The cellular mechanisms that regulate self-renewal versus differentiation of mammalian neural stem cells are still largely unknown. Clues come from model organisms such as Drosophila, were macromolecular RNA granules are asymmetrically localized to facilitate asymmetric cell divisions. As an example, in the neuroblast, the fly neural stem cell, mRNA for prospero, a proneurogenic transcription factor, is asymmetrically distributed during mitosis so that only one of the daughter cells inherits it. This daughter cell is subsequently conferred a neural fate. Here, we asked whether an RNA complex regulates this process in mammalian neural stem cells. We show that the RNA-binding protein Staufen2 (Stau2) is apically localized in radial glial precursors of the embryonic cortex, where it forms a complex with other RNA-binding proteins including Pumilio2 (Pum2) and DDX1, and the mRNAs for β-actin and the mammalian homologue of prospero, prox1. Perturbation of this complex by functional knockdown of Stau2, Pum2, or DDX1 causes premature differentiation of radial glial precursors into neurons and mislocalization and misexpression of prox1 mRNA. Thus, a Stau2- and Pum2-dependent RNA complex directly regulates localization and, potentially, expression of target mRNAs like prox1 in mammalian neural stem cells, and in so doing regulates the balance of stem cell maintenance versus differentiation.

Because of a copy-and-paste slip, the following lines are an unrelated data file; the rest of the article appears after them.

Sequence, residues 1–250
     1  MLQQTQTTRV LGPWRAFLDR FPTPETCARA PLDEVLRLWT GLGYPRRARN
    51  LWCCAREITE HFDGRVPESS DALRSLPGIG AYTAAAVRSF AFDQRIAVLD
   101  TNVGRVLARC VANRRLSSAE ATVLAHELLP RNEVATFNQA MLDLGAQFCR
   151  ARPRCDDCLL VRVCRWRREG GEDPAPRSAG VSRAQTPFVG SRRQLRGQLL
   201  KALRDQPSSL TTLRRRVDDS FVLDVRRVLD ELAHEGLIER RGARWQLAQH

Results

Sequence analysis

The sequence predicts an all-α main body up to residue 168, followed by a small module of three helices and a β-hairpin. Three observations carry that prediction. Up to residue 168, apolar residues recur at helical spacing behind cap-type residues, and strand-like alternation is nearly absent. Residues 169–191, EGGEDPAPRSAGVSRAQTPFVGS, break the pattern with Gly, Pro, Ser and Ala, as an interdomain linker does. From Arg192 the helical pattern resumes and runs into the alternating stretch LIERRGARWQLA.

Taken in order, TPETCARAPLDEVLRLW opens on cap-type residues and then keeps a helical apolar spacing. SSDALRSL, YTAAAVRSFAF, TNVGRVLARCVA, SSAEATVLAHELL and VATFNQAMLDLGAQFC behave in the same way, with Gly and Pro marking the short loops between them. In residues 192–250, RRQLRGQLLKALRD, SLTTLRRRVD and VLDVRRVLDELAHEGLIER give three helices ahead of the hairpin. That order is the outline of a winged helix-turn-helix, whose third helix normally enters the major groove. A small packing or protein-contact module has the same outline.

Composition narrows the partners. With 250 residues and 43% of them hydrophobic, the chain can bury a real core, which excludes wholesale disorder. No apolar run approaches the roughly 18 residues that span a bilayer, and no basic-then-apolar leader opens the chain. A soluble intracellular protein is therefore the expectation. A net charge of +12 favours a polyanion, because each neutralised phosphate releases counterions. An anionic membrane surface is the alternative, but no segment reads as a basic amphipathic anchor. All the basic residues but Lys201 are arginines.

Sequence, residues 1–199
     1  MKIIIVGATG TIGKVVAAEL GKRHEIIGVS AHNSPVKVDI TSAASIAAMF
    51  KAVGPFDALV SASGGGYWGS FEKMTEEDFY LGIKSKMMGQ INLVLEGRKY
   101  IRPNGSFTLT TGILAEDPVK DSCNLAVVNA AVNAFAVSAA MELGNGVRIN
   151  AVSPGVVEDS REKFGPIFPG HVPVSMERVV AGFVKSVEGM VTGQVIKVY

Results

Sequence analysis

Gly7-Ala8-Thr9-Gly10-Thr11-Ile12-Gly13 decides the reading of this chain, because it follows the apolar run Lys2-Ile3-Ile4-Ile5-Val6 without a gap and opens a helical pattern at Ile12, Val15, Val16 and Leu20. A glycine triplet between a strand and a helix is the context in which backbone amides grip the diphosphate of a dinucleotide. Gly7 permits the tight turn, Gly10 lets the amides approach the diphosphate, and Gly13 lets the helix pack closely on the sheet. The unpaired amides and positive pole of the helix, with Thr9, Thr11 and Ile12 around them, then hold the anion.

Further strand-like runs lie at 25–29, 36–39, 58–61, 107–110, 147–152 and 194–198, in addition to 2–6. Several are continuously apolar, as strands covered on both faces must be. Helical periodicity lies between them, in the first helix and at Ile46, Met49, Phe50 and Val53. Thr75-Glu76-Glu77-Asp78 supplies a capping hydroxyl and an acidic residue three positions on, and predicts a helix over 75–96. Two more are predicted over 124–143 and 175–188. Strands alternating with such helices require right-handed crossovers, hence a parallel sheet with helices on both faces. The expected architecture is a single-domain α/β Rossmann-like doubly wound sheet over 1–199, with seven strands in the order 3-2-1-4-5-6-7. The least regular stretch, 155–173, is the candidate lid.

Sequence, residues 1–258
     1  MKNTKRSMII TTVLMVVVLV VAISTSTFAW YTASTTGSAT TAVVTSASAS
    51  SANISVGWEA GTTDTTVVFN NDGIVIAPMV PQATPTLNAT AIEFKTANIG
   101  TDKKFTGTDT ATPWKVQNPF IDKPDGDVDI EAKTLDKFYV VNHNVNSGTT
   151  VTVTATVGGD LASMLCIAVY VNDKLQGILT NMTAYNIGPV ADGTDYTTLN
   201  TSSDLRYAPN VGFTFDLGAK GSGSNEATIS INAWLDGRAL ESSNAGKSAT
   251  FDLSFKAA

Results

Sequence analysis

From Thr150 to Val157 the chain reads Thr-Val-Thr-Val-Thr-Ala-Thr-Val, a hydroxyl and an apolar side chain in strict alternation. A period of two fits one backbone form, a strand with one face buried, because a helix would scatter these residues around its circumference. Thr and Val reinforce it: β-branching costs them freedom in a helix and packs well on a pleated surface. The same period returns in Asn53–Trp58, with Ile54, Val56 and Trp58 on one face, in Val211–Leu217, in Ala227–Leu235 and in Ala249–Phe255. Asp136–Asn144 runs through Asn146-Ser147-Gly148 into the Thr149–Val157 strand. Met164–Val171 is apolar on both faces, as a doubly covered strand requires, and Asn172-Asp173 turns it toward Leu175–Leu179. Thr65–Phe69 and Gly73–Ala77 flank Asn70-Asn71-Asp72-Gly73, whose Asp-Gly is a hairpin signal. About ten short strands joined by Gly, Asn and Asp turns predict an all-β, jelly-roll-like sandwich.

Asymmetric RNA-Localization in Cortical Precursor Cells: Facilitating Brain Development